Fraud Alerts

Updated Sept. 8, 2017

9/8/2017

Equifax Data Breach - Update

Equifax, a credit reporting agency, recently acknowledged the company experienced a security breach. It is possible data from 143 million consumers may have been compromised. This incident is exclusive to Equifax. First National’s systems were not impacted or compromised.

According to published reports, the information exposed includes names, Social Security numbers, birth dates, addresses and in some cases, driver's license numbers. Click here to check if your information may be part of the compromised data and always remain vigilant.


Steps to help protect yourself:

  • Monitor your account activity daily with Online Banking and the mobile FNBApp
  • Download the CardValet app and register your First National debit card to receive real-time push notification alerts for account activity. There is no charge to download from the Apple Store or Google Play. Mobile carrier rates may apply.
  • Sign up for Credit Card Alerts to receive SMS text message and email alert notifications to ensure any unauthorized activity is quickly reported. Registration for credit card alerts is available to all credit cardholders, free of charge at FNBAlaska.com.
  • Order a free credit report once a year from each of the three major credit bureaus at annualcreditreport.com
  • NEVER provide your personal or account information unless you initiate a call to a trusted source

Be vigilant against ransomware attack

Unassuming readers click on a link or open an attachment, which triggers file encryption and makes the data unavailable. The ransomware has brought down workstations and servers.

Be cautious about opening email attachments or clicking on links inside emails. If you do not recognize the sender or the subject line and message contents do not match your relationship with the sender, consider deleting the email and emptying your “Deleted Items” folder.

Questionable email should never be forwarded on to another recipient for their evaluation.


5/3/2017

Don't fall for the Google Docs phising attack

A phishing campaign involving Google Docs is spreading across the internet. The fake email indicates you’ve been granted access to someone’s Google Docs; click the link to view the files. Unfortunately, when the link is clicked, the reader is redirected to a website which asks for permission to access your account, contacts, password resets, and email.

Protect yourself from phishing attacks:

  • Be cautious about opening attachments and clicking on links included in emails. When in doubt, contact the apparent sender to determine if they indeed sent it. If they did not, delete the message and empty your Deleted Items folder.
  • Keep operating systems, browsers and applications fully updated.
  • Ensure your antivirus is current.
  • Report a phishing email to the FTC.


1/6/2017

Phishing scam uses bogus locked PDF

A phishing attack claiming to be a locked “Assessment Document” is circulating. The campaign sends an email with the subject: "Assessment Document" and a PDF attachment that claims to be locked.

The message reads: "PDF Secure File UNLOCK to Access File Content". If you click to unlock the document, a dialog box appears asking you to put in your email address and password.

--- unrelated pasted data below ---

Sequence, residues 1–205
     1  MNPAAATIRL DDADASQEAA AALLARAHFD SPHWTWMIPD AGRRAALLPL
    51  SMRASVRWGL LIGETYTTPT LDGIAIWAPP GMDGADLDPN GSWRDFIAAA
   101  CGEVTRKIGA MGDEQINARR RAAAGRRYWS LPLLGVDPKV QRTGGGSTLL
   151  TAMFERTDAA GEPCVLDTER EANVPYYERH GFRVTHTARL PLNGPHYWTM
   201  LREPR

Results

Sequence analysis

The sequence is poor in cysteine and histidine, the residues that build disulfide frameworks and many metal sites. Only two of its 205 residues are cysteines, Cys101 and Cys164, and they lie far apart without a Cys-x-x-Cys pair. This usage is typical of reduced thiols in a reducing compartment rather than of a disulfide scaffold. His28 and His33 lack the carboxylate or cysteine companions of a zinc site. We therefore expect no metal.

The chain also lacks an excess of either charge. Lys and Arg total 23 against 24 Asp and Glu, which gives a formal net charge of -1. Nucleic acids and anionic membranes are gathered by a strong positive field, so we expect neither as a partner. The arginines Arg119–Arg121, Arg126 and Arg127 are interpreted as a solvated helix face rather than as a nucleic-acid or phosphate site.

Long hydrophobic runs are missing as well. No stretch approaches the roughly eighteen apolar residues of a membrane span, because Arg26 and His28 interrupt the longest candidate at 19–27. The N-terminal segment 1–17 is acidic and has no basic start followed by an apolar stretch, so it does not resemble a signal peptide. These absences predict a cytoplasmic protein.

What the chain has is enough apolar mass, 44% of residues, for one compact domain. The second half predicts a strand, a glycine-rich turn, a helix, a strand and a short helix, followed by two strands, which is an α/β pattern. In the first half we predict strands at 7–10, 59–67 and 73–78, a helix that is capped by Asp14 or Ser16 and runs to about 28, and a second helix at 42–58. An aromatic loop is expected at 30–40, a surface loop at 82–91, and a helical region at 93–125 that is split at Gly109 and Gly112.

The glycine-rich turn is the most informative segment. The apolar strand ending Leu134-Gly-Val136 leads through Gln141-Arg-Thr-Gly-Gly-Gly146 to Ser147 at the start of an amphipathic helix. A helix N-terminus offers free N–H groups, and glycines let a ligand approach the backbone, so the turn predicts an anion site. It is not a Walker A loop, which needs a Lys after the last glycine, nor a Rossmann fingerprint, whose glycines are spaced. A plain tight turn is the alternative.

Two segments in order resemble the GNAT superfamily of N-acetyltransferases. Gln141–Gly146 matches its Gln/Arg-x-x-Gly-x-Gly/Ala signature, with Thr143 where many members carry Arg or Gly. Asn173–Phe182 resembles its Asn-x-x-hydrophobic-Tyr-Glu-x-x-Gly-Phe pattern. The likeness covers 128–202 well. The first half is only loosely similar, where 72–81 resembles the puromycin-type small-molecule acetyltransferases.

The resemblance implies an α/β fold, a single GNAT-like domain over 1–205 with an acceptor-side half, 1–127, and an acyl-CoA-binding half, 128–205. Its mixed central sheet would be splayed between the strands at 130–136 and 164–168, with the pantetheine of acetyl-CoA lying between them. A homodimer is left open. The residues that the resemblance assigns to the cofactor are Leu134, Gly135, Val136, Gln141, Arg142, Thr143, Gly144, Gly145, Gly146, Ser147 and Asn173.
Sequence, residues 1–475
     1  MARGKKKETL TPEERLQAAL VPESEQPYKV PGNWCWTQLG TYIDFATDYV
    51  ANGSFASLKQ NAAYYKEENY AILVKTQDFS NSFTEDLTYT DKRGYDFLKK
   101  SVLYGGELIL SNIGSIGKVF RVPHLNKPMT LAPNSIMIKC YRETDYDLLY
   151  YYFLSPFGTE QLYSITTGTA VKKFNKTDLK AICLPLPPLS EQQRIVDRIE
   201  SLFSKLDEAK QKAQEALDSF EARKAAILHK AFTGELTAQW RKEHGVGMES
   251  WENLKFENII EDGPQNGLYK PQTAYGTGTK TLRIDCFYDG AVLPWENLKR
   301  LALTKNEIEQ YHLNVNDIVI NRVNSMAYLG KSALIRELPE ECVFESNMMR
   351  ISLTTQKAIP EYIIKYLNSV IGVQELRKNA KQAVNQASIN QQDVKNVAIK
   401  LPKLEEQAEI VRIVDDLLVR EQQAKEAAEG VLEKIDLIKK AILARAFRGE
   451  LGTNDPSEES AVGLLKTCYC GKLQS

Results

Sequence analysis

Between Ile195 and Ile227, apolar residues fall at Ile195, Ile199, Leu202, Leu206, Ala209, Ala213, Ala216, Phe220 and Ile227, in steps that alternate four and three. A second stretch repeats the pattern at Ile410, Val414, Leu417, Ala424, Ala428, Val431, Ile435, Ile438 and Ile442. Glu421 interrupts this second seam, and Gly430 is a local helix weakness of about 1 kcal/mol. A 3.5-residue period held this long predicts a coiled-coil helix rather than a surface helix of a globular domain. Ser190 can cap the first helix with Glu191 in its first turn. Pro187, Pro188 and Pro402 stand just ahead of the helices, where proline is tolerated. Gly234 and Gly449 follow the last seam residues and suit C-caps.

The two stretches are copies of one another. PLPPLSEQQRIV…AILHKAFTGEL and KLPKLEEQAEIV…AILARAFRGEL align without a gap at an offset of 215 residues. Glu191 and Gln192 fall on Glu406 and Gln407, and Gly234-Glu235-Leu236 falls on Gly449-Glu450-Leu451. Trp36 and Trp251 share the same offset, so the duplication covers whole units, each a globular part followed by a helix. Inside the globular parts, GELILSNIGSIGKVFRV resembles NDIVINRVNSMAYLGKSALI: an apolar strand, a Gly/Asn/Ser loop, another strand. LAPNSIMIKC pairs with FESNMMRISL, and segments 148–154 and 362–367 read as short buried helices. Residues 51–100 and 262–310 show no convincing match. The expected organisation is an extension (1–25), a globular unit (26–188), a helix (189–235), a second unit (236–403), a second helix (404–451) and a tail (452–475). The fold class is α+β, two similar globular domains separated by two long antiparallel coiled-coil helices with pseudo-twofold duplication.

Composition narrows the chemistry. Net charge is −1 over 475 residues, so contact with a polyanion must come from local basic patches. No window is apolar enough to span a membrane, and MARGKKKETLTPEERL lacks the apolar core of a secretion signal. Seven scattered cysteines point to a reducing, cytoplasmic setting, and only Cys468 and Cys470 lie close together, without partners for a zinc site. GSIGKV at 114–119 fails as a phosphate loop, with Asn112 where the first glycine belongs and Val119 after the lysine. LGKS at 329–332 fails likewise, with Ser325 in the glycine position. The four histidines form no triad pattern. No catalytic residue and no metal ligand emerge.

If you receive an email like this, do not click on anything, and definitely do not enter your email address and password. Simply delete the message and empty your Deleted folder.


5/24/2016

Alaskans targeted via text message scam

Some Alaskan cardholders are reporting receiving text messages in a fraudulent attempt to gain personal information. There has been no breach in First National Bank Alaska’s security. This recent fraudulent message directs the customer to call 844-334-4730 to unlock their debit or credit card.

Cardholders have reported receiving a scam text message with the following script: This is a message from Mastercard. Your [D]ebit [C]ard is [l]ocked. Contact [u]rgent 844-334-4730.

“We do not use text message alerts to notify cardholders of possible fraud,” said First National Vice President Valerie Bale.

First National and MasterCard® do not directly contact cardholders via text message or phone to request personal credit or debit card information..

Alaskans who believe their information has been compromised should immediately contact their bank.


3/18/2016

Scammers phish for mortgage closing costs

The Federal Trade Commission and the National Association of Realtors® are warning home buyers about an email and money wiring scam. Hackers have been breaking into consumers' and real estate professionals' email accounts to obtain information about upcoming real estate transactions. After figuring out the closing dates, the hacker sends an email to the buyer, posing as the real estate professional or title company. The bogus email says there has been a last minute change to the wiring instructions, and tells the buyer to wire closing costs to a different account. If the buyer takes the bait, their bank account could be cleared out in a matter of minutes.

If you're buying a home and get an email with money-wiring instruction, STOP. Email is not a secure way to send financial information. Protect against these attacks:

  • Be cautious about opening attachments and clicking on links included in emails. When in doubt, contact the apparent sender to determine if they indeed sent it. If they did not, delete the message and empty your Deleted Items folder.
  • Keep operating systems, browsers and applications fully updated.
  • Ensure your antivirus is current.
  • Report a phishing email to the FTC.

Review your checking and/or credit card statements online for suspicious activity daily. Immediately report any unusual activity to First National by calling 777-4362 or 1-800-586-4362 from communities outside Anchorage/Eagle River.